Even before the men of the family can wake up, the women folk are through with their ‘excursion’. The Paswan, Lodh, Maurya, Chaurasia, Fakir and Muslim women move together for their own safety. “It’s quite dark at that hour and we simply cannot go alone. We desperately need toilets at home. Just imagine what happens when a woman has a stomach upset or she is menstruating. She is forced to go to the fields during the day, which is not allowed,” shares Sapna, 15, who studies at the local government girls’ school at Usraina East village. Just a few months back, a toilet was built at school and today, she makes it a point to use it before coming home.

Even though awareness around using a toilet is low in these parts, which chiefly contributes to the poor coverage here, Amba and Sapna share one more valid concern. “It would be good to have a toilet at home but I am not sure who will have the right to use it first. Usually, women are expected to place the needs of men above their own. Moreover, not only is water scarce, but also who would clean them up. Once again, it’s a caste thing,” observes Sapna.

Adds Amba, “I think women will have to wait till the males use the toilet. They always have had priority; it’s been like that for ages. To defy it right away is going to be virtually impossible. Even today, a woman, who is expected to stay in a ‘ghoonghat’ all day is not able to discuss an issue as personal as a toilet with the men of the family.”

It’s not as if there are no toilets in and around the hamlets of Usraina East and West. But, according to Babulal, 26, a social activist-volunteer from the Paswan community, who has worked on several government projects, the few that have been built are merely symbolic. “There are some Sulabh style toilets here but there are just too many people to use them. Besides, with negligible supply of water, it is difficult to maintain them. Some non-government organisations have also constructed toilets, but then people do not want them made inside their homes. Availability of land is another big factor.”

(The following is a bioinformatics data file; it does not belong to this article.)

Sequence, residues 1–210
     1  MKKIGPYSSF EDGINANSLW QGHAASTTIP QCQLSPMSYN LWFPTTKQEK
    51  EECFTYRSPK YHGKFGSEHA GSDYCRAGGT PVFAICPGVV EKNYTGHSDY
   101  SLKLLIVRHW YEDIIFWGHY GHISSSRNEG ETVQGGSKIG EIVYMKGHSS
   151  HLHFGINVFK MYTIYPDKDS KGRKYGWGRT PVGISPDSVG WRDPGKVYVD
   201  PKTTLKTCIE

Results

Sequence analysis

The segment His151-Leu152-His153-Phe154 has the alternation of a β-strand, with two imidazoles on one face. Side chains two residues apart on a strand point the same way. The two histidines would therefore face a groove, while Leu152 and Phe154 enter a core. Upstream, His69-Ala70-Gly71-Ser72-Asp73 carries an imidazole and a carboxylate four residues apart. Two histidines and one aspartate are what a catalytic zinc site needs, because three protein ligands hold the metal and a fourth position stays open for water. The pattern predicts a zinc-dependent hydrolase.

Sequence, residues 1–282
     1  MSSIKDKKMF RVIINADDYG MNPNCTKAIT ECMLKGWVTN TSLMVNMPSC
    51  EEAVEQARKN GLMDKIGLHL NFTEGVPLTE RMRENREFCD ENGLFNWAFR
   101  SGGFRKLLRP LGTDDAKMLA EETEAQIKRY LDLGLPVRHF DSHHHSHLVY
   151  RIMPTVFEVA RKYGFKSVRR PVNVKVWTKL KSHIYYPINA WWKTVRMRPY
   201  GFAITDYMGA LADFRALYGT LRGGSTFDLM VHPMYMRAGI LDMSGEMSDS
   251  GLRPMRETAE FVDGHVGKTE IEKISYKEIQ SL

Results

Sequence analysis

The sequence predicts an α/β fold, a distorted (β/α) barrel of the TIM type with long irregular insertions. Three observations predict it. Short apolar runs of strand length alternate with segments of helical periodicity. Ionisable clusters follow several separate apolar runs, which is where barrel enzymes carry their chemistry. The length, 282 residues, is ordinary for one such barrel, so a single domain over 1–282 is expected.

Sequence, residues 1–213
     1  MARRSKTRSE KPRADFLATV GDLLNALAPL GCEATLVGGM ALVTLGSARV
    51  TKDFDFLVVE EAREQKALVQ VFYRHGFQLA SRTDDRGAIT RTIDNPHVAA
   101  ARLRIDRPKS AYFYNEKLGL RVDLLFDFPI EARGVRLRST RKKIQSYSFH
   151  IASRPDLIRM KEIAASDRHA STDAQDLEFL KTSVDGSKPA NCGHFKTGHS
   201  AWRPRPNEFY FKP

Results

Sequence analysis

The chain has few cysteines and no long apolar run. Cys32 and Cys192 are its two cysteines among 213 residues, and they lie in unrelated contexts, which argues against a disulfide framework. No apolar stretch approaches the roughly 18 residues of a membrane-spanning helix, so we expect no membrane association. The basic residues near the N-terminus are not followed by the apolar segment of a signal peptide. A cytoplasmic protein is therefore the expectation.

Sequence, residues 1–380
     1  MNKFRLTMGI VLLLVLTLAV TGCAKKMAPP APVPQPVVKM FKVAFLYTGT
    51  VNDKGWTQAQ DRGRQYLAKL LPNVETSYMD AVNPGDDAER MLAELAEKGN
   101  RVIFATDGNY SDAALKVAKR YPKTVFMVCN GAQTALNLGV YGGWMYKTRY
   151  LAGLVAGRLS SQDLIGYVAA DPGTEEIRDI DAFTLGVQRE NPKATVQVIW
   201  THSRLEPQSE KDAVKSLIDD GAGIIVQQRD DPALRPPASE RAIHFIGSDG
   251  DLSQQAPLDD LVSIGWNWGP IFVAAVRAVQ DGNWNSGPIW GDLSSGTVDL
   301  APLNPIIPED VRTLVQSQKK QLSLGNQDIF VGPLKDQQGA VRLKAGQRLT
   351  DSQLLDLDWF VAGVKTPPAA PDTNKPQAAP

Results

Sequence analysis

Maneeshee Kumar, Programme Manager, World Vision, an international non-profit that developed 164 toilets in the area this year, admits to facing challenges on the ground. “For us, each toilet costs Rs 19,100 and to increase community ownership we encourage families to share the cost with a Rs 1,000 contribution. Even so, land entitlements, gender discrimination and age-old customary practices make things difficult,” she says. In a bid to integrate its sanitation efforts with the Swachh Bharat Abhiyan, World Vision has partnered with Sulabh International to build toilets in remote villages.

The toilets being built under the public private partnership (PPP) model are Sulabh style with underground compartments. The waste that collects in them is converted to compost after three-four years and newer ones have to be fitted – that is added investment. With scarcity of water an ever-increasing reality, maintenance of the few existing toilets is another big cause for concern. Puja, a new bride in Usraina West, says, “It is a complex problem. For total sanitation, there’s need for a new social attitude, more water and adequate land. Many households do not qualify for building individual toilets because they don’t have enough land. One thing I have noticed here is that elders keep the few toilets that have been built locked up to discourage children from using them frequently. And, it is the men who get to use them while women have to go out in the open.”

The outspoken and articulate Amba Devi has the last word, “Unless the right to a toilet is considered to be as vital as health and human right, nothing much can be achieved. We need them like we need health centres and hospitals.”

(Women's Feature Service)